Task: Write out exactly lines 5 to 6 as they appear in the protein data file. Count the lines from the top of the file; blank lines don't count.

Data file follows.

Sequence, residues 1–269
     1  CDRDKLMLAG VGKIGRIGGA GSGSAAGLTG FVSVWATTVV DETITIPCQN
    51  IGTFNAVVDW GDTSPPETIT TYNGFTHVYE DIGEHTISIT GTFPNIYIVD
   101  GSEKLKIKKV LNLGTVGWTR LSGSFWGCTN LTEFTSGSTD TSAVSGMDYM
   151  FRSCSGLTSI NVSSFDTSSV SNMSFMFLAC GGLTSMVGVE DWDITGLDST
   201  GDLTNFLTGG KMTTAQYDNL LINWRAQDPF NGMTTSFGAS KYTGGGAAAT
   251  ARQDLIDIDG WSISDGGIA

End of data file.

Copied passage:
   151  FRSCSGLTSI NVSSFDTSSV SNMSFMFLAC GGLTSMVGVE DWDITGLDST
   201  GDLTNFLTGG KMTTAQYDNL LINWRAQDPF NGMTTSFGAS KYTGGGAAAT